Tips From Hinckey
Elliot Anderson, Manager Annapolis and Oxford, Maryland Yards
The best piece of advice I have for boaters is spend a few extra minutes before and after a trip making sure all systems are in good order. If you can't dedicate the time to a full inspection, just
* Check all fluids & belt tension prior to departure.
* Check bilges for water or fluid leaks.
* When leaving a boat hooked up to shore power, make sure connections are sound. And, make sure pedestal breaker is on!
* When leaving a boat on a mooring or not on shore power, make sure batteries and electrical panel breakers are off. This ensures your batteries won't be dead next time.
Tim Shields, Director of Customer Service, Hinckley Yacht Services
Spring waters are cold and there are fewer people out on the water. Below are safety items that I encourage you to act on before you cast off the lines this spring.
* Obtain a commercial towing membership. They keep you safe when your boat breaks down or you have a mishap. It's great peace of mind insurance.
* Check on board safety gear to make sure it is in good working order. Don't wait until an emergency to find out if you have enough pfd's, flares or other safety items. A good check list can be found on the Boating Foundation website here
* Get in the habit of filing a float plan. The system works for pilots, both commercial and recreational. Print and complete this page
before going boating and leave it with a reliable person who can notify the Coast Guard should you not return as scheduled. Do not file this plan with the Coast Guard.
* Keep your eye on the weather. Make the home page of your internet browser the this marine weather page.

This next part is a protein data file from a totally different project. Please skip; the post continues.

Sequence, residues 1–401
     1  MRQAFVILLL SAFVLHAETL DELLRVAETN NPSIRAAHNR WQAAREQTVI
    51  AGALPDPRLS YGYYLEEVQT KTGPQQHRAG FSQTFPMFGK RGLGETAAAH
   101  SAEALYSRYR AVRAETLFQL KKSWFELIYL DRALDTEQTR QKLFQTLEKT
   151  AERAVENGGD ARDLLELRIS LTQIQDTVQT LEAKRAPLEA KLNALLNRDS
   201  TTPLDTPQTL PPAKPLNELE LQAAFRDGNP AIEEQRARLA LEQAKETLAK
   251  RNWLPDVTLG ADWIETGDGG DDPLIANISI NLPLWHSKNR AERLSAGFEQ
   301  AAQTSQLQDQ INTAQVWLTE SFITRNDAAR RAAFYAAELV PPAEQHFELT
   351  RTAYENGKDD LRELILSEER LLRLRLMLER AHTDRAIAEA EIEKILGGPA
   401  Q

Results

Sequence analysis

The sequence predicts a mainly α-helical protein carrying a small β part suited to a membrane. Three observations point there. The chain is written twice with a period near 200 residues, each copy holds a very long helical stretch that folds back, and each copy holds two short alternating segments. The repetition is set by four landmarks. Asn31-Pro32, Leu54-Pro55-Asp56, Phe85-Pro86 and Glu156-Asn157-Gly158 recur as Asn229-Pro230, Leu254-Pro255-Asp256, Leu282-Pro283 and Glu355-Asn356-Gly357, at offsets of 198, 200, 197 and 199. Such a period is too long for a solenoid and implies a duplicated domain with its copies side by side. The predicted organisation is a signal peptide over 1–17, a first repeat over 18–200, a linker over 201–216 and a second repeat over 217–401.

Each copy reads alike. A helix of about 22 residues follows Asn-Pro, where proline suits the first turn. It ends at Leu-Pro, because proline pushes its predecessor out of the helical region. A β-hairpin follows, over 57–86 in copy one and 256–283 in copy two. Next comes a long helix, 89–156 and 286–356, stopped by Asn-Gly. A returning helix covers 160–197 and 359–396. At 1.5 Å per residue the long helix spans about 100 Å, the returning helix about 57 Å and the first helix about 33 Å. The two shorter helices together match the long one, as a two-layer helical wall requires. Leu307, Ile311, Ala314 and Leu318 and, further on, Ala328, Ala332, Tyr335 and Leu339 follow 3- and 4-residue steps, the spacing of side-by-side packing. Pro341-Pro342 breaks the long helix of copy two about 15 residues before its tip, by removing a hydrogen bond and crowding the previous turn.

* Brush up on the rules of the road every spring here
with the US Coast Guard.
Eric Roos, Service Manager, Southwest Harbor, Maine Yard
When it comes to Yachts and keeping them pristine, a number of products are available however, most are harsh on the environment, budget and the surfaces they tackle. Marine soaps can do more long term harm (crazing in the outer layers of varnish or removal of protective wax) than good. So, while some boats do truly get dirty after a weekend of use, many simply suffer from a buildup of salt and calcium or limestone-based sea minerals and are easily removed with a mild acid ...like salad vinegar!
As a result, many high-end yachts keep gallons of every day white vinegar with their cleaning supplies. Just add a quart or less to a bucket of water and hand wash every surface (stainless steel, fiberglass, dodger Eisenglass, Awl-grip surfaces, even varnished woodwork) then thoroughly rinse. Moving a chamois around all surfaces will leave the best finish.
For tougher lime-stained topsides and boot tops, use a higher concentration of vinegar and let the solution sit for 5 minutes or more before rinsing. You will be pleased with the results.
And, if while cleaning you find a bit of sea lettuce or Irish moss on deck...... voila, you have yourself a salad!
Guy Gauvin, General Manager Hinckley Portsmouth, RI Yard
My favorite new piece of gear will save you plenty of headaches this season and deliver lots of fun besides: meet LifeProof's Apple iPhone Case and Apple iPad Case.
Each has a unique design that makes it waterproof to IP-68 standards, the highest 'International Protection' rating. They are actually submersible! The company also sells a "lifejacket" that fits around the case so if you drop your phone overboard, it floats and protects your phone. Perfect if you're using GPS apps!
When you pick up your boat this Spring, make sure to look for a gift bag from Hinckley containing useful gifts and information from the sponsors above!
Hinckley Yacht Serivces